(Photo: All Rights Reserved, Tim Ferriss)
I have spent much of the last six weeks of the UK’s bitterly cold November in a hammock.
I have been able to do this almost exclusively thanks to what I learned from Tim Ferriss in his disruptive debut publication, The 4-Hour Workweek. Thanks to Tim, I was able to quit my job and travel while an automated source of income feeds my bank account. The hammock, from which I’m typing right now, is strung up in the exterior courtyard of a rented beach house in the Brazilian surf town of Itacaré.
While the next book I read in this hammock will be The 4-Hour Chef: The Simple Path to Cooking Like a Pro, Learning Anything, and Living the Good Life (out November 20th), the last was Page One: Inside the New York Times and the Future of Journalism; a collection of essays on the pressures facing journalism during the most tumultuous era for the industry since the invention of the printing press.
And so, as the publishing industry readies itself for a book launch that will herald a seismic shift in the way books are made, marketed and distributed (in an uprising against publisher Amazon.com, The 4-Hour Chef has become the most boycotted book since Lady Chatterley’s Lover), I put it to you that Tim Ferriss, among his many other talents and accolades and as well as his status as a New York Times bestelling author, deserves to be recognised as the greatest journalist operating in the world today.
He’s basically the Second Coming of Guttenberg.
“The job of a reporter is to expose and record.” ~ Graham Greene (Click to tweet)
Kelly McBride is a senior faculty member at the Poynter Institute in California, where she specialises in ethics, writing and storytelling. She leads the Sense-Making Project, to help citizens choose among the dizzying array of sources and news information. If anyone’s in a position to tell us what constitutes journalism in a digital age, it’s her. The following are excerpts from Kelly McBride’s Page One essay, ‘What is WikiLeaks? That’s the Wrong Question’.
In their book, “The Elements of Journalism,” Bill Kovach and Tom Rosenstiel offer up what is, to my mind, the best working definition [of journalism]: “The primary purpose of journalism is to provide citizens with the information they need to be free and self-governing.”
Give people the right kind of information about how the world around them works, and a place to voice their own thoughts about it, and power will shift to accommodate them.
In order to become journalism, information must be organised into a coherent system for the intended recipient… to connect an audience directly with raw information, to enable them to take action.
Journalists help the audience understand why certain information is important by selectively delivering all the most meaningful stuff. Then by amplification.
The most successful journalism transforms raw information into an authoratitive narrative. That transformation can only occur when the individual crafting the narrative has an independent loyalty to the truth.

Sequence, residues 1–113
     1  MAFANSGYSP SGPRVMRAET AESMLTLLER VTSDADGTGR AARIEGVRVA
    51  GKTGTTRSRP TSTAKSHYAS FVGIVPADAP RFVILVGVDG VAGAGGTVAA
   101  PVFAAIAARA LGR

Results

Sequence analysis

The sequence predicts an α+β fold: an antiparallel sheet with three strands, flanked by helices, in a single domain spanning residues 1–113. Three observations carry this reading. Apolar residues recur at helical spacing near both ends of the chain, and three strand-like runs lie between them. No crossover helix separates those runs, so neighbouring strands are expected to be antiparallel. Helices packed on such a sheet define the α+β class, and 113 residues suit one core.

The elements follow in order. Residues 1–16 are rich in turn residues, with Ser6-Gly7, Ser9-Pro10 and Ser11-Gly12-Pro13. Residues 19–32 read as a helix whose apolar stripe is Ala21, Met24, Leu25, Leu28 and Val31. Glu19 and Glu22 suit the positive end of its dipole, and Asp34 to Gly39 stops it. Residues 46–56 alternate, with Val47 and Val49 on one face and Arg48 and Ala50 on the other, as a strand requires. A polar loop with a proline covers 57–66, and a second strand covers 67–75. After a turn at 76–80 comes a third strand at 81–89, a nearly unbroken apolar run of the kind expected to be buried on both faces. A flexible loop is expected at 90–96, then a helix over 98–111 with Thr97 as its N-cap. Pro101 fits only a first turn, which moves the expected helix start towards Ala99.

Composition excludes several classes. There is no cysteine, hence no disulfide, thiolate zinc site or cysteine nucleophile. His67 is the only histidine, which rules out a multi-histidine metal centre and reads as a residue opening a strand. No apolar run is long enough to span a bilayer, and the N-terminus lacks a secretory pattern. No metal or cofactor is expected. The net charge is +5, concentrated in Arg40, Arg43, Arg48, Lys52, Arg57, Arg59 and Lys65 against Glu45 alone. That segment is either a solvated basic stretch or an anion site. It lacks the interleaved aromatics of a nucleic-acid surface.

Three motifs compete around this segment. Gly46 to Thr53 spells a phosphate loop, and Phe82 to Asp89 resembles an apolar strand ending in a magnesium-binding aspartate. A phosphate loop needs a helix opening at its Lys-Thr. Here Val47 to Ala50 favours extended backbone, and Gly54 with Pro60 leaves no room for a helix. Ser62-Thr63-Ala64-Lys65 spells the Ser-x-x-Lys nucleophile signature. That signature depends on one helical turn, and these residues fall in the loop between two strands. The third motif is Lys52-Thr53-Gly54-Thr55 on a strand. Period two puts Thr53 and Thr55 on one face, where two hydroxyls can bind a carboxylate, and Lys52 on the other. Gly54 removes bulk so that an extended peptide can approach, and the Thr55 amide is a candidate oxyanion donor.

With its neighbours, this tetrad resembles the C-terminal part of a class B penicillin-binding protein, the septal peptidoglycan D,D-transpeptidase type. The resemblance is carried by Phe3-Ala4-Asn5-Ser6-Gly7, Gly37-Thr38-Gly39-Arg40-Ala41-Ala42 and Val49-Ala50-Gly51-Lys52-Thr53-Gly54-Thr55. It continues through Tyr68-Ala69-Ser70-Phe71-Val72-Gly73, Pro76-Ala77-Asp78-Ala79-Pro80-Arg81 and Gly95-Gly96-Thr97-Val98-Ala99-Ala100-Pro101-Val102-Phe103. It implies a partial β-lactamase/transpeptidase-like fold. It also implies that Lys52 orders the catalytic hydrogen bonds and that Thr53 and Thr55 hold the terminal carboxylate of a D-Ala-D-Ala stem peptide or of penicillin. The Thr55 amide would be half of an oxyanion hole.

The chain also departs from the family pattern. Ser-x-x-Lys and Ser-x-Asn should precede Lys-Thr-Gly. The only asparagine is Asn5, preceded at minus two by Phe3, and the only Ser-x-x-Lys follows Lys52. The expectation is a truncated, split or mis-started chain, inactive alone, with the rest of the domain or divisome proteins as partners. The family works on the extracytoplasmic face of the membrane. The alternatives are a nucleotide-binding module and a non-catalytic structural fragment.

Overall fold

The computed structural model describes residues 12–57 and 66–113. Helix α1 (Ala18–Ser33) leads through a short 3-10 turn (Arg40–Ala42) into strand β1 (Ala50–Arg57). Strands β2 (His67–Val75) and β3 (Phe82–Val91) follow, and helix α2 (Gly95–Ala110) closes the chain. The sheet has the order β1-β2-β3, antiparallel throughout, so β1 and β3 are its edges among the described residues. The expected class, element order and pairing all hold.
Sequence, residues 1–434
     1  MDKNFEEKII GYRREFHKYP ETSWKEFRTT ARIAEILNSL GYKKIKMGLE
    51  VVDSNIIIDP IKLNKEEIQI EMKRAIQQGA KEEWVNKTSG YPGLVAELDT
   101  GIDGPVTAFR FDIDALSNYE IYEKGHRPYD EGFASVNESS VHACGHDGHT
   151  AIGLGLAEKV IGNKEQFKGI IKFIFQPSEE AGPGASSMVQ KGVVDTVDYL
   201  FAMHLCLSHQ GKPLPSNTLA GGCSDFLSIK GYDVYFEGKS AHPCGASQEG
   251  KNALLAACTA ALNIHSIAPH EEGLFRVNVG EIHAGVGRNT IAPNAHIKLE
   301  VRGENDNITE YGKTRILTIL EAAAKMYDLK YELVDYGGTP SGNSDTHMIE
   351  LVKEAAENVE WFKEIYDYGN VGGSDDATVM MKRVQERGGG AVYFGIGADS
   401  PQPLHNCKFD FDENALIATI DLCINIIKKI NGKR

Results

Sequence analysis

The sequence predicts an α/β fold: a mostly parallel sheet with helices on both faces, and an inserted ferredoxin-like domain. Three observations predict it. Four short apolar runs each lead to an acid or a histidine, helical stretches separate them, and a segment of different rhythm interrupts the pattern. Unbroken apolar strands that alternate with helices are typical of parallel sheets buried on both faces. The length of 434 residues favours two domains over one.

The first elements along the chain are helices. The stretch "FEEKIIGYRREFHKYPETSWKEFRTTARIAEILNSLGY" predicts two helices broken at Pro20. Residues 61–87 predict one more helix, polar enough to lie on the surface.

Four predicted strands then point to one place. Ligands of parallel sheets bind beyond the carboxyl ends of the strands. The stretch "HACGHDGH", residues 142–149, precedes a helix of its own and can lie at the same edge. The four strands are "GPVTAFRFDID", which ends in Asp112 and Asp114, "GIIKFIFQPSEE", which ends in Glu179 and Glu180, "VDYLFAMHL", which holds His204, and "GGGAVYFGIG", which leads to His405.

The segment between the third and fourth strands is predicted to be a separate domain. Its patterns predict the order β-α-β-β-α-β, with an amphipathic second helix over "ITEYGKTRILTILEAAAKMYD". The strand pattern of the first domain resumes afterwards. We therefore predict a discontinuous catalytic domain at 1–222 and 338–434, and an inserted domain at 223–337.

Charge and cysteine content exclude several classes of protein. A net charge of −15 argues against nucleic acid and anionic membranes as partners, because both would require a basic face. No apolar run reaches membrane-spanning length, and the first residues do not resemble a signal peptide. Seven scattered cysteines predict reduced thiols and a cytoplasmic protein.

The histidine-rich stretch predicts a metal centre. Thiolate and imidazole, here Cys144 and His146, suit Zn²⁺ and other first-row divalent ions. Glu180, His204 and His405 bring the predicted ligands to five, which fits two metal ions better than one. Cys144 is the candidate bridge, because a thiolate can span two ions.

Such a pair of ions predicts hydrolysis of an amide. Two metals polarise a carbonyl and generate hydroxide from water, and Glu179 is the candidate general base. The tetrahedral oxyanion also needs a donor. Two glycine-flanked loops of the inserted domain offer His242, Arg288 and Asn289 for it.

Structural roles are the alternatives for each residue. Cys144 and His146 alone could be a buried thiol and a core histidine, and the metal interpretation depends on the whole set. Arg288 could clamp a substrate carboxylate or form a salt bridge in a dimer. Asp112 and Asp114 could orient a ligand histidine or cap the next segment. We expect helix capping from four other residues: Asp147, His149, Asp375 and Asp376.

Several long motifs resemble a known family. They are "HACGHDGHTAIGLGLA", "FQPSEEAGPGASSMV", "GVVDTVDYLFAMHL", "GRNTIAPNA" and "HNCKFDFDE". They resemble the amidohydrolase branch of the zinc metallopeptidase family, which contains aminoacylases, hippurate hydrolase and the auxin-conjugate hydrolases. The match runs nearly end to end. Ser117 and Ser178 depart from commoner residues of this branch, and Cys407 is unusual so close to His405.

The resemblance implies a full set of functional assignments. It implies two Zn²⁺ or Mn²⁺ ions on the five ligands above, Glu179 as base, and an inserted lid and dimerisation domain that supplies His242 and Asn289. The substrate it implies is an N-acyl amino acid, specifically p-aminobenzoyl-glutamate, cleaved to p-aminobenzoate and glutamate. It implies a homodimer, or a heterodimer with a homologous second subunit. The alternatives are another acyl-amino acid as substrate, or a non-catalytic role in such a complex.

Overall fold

Tim’s books and highly influential blog have done exactly as McBride defines, filtering the simple from the suffocating and giving readers the tools to create the lives they want to lead in a world they want to live in. In The 4-Hour Workweek, Ferriss shared the secret weapons he’d used to “Escape 9-5, Live Anywhere, and Join the New Rich”. In The 4-Hour Body, he spliced through myths and smokescreen marketing to show the world the truths about fitness. And now, with The 4-Hour Chef, his stated aim is the grandest of all – to determine the future of food production in the United States.
In the U.S., the last generation of career farmers is retiring. Specifically, more than 50% are set to retire in the next 10 years. Their farmland will be up for grabs. Will it go to an industrial agro-corp like Monsanto, and therefore most likely lead to monocrops (wheat, corn, soy, etc.) that decimate ecosystems? Will it be strip malls? Or might it become a collection of smaller food producers? The last option is the only one that’s environmentally sustainable. It’s also the tastiest. As Michael Pollan would say: how you vote three times a day (with the meals you eat) will determine the outcome.
To dodge the submerged iceberg of industrial-scale food production and its side effects, to alter the course of this country and reinvigorate the economy, all I need to do is make you more interested in food. In total, we need to make 20 million people more aware of eating.
It’s the noblest of ambitions, but with Ferriss’ stratospheric social media reach and talent for getting the most from the least, we’re dealing with a man who knows his numbers as well as his facts. In a world where the powers to distract and distort are more powerful than ever, if that’s not award-winning journalism then we need a new set of rules.